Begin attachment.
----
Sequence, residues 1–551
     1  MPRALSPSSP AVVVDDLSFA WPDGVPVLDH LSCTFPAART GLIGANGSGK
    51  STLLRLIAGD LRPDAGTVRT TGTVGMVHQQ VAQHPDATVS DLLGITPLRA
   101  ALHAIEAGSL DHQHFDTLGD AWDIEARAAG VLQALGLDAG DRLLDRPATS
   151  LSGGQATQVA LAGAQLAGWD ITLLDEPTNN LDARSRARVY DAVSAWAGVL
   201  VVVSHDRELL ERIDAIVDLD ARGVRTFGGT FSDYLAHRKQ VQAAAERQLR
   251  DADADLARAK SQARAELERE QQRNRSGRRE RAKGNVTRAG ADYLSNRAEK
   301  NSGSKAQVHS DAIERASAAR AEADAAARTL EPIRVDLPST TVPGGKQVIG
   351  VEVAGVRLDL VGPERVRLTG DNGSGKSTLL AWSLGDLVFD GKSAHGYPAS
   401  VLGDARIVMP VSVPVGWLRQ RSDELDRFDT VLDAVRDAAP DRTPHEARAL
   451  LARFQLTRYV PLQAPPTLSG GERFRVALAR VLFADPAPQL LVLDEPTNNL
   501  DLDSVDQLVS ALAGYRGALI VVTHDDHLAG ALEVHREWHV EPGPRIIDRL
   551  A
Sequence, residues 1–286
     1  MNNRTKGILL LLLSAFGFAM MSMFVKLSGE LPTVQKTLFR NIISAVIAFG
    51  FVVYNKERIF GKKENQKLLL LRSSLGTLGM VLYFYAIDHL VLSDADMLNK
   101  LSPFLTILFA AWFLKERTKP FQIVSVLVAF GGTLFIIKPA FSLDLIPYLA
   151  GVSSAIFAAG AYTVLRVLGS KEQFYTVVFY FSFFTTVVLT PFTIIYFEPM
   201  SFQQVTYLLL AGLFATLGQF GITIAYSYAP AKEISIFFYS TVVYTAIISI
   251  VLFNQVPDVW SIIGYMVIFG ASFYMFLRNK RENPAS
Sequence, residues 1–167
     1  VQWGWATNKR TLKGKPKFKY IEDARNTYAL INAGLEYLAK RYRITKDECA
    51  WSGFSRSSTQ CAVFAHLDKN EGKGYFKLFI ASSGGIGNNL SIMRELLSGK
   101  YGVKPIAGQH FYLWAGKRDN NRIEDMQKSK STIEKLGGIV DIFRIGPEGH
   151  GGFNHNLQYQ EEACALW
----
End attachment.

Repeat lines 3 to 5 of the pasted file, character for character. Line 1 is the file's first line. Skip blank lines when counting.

    51  STLLRLIAGD LRPDAGTVRT TGTVGMVHQQ VAQHPDATVS DLLGITPLRA
   101  ALHAIEAGSL DHQHFDTLGD AWDIEARAAG VLQALGLDAG DRLLDRPATS
   151  LSGGQATQVA LAGAQLAGWD ITLLDEPTNN LDARSRARVY DAVSAWAGVL